I loved Allegra’s unique voice as she lets us into her mind and her world. This wouldn’t be a Cecilia Ahern book without being heartwarming and full of humour, but this story is more complex than that. There are darker characters, parts that are more painful or remain unresolved, that show a real maturity and development. It’s about being proud of where you’re from, but also finding your authentic self – a journey that sometimes needs some distance from where we grew up. The author contrasts genuine, warm and accepting people with the false, Instagram brigade who are more interested in how life looks than how it is. Her characters are brilliant here, more complex and nuanced than I’ve seen before. There are even some that turn out to be deeply narcissistic and I wanted to protect Allegra from them. I loved the contrast between the city streets of Dublin and the wild Atlantic island Allegra calls home. In a way this is the decision she has to make. Where is home? Which place truly suits the person she is instead of the woman she thought she had to be in order to be accepted. Does she know that when we are our authentic selves, we attract people to us anyway. Our true five perhaps? All through the novel I found myself responding emotionally to the story, but Allegra’s character simply made me smile and perspective on her world made me smile inside. Not that she needs it, because I know millions love her writing, but if Ahern keeps writing characters like Freckles, she has found herself a brand new fan.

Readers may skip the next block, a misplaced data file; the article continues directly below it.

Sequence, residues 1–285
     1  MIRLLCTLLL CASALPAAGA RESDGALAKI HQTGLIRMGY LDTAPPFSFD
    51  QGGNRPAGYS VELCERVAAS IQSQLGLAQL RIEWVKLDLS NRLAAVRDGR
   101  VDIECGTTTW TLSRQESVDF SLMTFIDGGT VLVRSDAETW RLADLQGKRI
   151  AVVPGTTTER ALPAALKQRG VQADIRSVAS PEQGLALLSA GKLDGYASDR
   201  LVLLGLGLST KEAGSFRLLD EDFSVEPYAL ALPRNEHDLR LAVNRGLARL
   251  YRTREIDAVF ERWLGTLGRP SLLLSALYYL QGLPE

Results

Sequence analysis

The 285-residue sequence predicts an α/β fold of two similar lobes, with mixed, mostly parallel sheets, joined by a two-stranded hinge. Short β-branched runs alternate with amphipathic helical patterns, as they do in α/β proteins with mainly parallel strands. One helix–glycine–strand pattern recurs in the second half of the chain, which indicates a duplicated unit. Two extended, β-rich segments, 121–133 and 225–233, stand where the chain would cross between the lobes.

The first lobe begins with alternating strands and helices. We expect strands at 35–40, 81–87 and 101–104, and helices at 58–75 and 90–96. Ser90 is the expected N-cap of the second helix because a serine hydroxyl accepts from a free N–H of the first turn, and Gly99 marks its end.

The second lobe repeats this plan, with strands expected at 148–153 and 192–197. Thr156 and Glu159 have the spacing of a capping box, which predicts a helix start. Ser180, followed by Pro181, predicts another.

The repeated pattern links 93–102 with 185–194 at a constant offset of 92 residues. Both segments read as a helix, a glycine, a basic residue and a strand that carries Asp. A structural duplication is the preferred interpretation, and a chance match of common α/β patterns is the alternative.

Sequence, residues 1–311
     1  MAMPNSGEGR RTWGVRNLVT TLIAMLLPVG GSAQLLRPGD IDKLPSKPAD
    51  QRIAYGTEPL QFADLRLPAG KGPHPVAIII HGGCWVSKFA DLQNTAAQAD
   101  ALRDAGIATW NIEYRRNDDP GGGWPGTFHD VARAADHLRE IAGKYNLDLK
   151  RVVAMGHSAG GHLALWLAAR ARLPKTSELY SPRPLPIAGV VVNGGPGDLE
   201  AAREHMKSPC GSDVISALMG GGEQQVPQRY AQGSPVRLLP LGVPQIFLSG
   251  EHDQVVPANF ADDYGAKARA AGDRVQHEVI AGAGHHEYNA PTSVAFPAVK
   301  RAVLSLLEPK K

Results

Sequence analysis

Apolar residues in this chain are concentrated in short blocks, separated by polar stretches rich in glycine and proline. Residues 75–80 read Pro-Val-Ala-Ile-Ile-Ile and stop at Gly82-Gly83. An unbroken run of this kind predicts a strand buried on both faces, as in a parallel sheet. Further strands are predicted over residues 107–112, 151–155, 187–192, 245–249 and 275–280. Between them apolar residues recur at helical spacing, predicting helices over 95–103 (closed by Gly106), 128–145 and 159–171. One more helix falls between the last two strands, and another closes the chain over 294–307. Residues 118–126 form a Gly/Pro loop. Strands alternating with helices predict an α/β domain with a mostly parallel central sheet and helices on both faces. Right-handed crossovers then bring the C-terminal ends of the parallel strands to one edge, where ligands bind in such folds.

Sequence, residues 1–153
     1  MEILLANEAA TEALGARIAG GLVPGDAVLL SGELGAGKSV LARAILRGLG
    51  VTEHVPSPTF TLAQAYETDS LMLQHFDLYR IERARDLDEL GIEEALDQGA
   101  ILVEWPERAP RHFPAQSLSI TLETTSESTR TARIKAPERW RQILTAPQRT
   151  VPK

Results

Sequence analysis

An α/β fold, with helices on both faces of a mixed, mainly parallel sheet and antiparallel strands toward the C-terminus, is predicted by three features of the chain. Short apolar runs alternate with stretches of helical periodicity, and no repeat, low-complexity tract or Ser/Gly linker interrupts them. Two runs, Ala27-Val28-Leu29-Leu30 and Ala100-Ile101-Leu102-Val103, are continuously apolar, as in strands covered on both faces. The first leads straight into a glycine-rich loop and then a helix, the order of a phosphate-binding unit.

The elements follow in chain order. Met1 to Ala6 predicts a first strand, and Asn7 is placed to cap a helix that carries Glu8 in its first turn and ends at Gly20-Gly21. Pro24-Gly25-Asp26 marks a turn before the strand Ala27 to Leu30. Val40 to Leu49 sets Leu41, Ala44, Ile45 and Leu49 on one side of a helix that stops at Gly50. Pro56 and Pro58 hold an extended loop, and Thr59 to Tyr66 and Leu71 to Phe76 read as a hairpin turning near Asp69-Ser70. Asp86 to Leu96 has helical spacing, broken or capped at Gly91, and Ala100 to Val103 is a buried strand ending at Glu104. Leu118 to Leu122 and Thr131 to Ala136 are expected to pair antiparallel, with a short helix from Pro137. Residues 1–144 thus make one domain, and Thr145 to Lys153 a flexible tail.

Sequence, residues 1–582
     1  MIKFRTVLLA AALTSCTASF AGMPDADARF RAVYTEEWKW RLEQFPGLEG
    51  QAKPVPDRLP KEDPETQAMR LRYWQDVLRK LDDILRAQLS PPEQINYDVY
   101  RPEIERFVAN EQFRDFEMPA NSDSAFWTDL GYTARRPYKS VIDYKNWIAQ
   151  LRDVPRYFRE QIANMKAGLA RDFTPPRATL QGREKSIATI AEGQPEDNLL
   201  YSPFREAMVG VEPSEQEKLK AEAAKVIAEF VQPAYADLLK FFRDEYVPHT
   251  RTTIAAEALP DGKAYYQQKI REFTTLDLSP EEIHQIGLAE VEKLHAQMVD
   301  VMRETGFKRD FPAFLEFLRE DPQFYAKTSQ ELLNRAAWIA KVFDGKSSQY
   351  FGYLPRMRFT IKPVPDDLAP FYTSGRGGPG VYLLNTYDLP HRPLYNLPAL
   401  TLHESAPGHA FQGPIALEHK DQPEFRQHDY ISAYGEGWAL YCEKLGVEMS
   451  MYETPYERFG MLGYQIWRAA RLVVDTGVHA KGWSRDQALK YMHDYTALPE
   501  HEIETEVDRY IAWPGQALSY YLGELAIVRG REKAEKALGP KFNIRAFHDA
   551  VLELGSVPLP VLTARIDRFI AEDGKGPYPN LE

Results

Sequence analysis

Meet The Author
After completing a degree in Journalism and Media Communications, Cecelia wrote her first novel at 21 years old. Her debut novel, PS I Love You was published in January 2004, and was followed by Where Rainbows End (aka Love, Rosie) in November 2004. Both novels were adapted to films; PS I Love You starred Hilary Swank and Gerard Butler, and Love, Rosie starred Lily Collins and Sam Claflin.
Cecelia has published a novel every year since then and to date has published 15 novels; If You Could See Me Now, A Place Called Here, Thanks for the Memories, The Gift, The Book of Tomorrow, The Time of My Life, One Hundred Names, How To Fall in Love, The Year I Met You, The Marble Collector, Flawed, Perfect and Lyrebird.
To date, Cecelia’s books have sold 25 million copies internationally, are published in over 40 countries, in 30 languages.
Along with writing novels, Cecelia has co-created the US ABC Comedy Samantha Who? and has created many other original TV projects.